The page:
I want to correct one other myth I see on our boards. The buy report was solely written by our own Jeff Fischer -- all credit goes to him. I often see people saying "the Gardners' buy report" when of course Tom doesn't have anything to do with this particular portfolio, while Jeff in fact did the legwork and the keyboard work. All decisions on this portfolio are made jointly and solely by Jeff and me. What was kind of funny about our eBay buy is the way that Jeff laid out some of the analysis ahead of time, in this report, prior to any purchase. That was Foolish.
Speaking of credit, I want to give a shout out to two Fools, "washu" and "Mention," for their excellent reasoning abilities, as they are doing a fine job teaching people some of the truths you read above through the wonderful medium of The Motley Fool message boards. Our Fool.com message boards were named #1 for financial discussion on the Internet by PC Magazine last week, and that wasn't for nothing. That was because of all of YOU, our million-plus Fools worldwide, who come into the boards every day to breathe life into The Motley Fool. All I ask is that you bring your three best offline friends onto The Fool sometime this year, because the more great information we can pack into Fooldom, the better it is for all of us.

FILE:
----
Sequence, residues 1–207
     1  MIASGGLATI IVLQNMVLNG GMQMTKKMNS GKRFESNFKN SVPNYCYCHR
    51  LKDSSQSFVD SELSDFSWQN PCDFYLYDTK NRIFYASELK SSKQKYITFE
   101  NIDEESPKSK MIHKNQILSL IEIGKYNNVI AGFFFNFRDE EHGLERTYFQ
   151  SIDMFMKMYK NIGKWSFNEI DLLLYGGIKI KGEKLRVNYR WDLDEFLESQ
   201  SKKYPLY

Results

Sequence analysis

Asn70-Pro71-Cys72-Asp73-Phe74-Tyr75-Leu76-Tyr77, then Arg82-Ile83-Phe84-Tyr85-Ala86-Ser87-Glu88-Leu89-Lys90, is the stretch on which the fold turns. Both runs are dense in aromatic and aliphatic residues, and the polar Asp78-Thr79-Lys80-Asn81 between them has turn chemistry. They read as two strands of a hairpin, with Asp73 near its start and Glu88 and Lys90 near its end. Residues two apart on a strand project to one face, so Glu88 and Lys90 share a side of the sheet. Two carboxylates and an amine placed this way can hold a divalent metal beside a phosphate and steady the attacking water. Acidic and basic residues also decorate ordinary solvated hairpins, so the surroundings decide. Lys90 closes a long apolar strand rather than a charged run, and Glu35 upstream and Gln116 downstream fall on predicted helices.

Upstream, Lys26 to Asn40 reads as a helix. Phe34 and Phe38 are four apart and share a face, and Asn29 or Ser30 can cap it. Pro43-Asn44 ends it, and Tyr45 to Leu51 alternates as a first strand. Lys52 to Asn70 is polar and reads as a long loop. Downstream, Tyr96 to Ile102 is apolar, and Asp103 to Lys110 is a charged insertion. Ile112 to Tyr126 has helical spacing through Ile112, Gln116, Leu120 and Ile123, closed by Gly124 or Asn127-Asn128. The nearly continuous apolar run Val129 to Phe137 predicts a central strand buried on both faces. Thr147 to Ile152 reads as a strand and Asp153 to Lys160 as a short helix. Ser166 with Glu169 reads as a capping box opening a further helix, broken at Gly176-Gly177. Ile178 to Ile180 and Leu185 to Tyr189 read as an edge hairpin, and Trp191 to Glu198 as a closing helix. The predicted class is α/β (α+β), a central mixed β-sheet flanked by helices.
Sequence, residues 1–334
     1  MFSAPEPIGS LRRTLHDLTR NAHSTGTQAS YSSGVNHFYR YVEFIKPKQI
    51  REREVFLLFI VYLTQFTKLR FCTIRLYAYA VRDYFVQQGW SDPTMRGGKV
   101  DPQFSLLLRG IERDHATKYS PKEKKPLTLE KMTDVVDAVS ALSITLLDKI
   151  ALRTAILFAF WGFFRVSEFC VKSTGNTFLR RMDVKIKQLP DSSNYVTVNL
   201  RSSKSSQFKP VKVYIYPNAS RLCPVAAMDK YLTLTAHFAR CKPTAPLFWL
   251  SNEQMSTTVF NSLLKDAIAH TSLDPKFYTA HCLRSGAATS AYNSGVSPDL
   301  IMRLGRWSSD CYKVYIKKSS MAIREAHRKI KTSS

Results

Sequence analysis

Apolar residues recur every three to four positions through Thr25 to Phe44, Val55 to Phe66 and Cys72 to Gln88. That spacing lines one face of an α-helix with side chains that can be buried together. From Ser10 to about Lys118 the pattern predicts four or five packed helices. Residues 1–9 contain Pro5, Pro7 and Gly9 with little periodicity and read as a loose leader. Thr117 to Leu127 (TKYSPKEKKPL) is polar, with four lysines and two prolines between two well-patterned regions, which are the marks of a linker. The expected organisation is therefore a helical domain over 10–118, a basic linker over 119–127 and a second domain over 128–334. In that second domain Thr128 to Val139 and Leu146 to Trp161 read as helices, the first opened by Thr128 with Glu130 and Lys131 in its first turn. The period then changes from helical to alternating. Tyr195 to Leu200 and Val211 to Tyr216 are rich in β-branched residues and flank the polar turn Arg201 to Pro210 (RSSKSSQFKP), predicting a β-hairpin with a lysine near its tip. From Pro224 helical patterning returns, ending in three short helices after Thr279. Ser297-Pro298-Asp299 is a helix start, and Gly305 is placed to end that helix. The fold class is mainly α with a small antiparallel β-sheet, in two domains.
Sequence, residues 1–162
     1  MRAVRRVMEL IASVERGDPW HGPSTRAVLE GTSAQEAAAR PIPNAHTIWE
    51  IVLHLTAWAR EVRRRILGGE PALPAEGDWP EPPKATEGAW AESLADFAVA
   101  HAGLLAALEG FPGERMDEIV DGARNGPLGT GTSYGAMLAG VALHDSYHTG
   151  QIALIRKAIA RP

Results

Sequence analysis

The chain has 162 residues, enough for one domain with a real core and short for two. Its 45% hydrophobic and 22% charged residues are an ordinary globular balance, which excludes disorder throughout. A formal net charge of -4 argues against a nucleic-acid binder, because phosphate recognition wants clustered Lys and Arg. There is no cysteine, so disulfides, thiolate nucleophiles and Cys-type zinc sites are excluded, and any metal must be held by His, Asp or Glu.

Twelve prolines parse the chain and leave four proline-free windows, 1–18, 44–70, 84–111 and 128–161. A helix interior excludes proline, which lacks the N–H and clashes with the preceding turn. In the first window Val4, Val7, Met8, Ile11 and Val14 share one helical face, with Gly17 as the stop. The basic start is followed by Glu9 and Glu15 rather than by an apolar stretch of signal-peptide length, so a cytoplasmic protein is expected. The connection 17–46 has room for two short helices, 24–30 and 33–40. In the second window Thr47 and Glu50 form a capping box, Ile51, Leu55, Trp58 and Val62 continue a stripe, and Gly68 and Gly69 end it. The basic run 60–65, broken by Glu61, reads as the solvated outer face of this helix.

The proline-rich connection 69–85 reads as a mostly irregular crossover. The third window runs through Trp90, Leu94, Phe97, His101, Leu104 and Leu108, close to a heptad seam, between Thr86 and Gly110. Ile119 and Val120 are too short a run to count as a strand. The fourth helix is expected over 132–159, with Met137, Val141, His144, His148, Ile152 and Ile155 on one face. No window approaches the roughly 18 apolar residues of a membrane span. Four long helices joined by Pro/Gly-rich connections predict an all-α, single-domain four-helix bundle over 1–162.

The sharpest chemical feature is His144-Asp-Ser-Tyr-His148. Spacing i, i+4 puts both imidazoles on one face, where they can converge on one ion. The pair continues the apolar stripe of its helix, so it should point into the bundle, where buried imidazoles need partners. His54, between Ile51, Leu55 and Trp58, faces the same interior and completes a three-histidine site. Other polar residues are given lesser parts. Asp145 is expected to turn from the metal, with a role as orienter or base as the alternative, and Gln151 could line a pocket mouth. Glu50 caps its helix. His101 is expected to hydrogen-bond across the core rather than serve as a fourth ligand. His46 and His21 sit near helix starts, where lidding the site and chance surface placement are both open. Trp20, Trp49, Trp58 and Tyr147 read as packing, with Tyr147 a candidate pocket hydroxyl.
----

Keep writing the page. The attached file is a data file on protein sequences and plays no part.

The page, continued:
I wrote about stock splits last week. Here was a very funny parody post from one of our writers, David Marino-Nachison (TMF Braden), which is definitely worth a quick smile. Meantime, Starbucks is splitting soon, and @Home announced another one (for this portfolio) this week! Geez.
By the way, Tom and I are in Miami this weekend for The Miami Herald's Money Matters conference. Hope Florida Fools within "driveshot" will join us, and here's a link if you're interested. We'll be speaking in the afternoon and hanging out to sign books and gab at our Fool booth.
David Gardner, March 3, 1999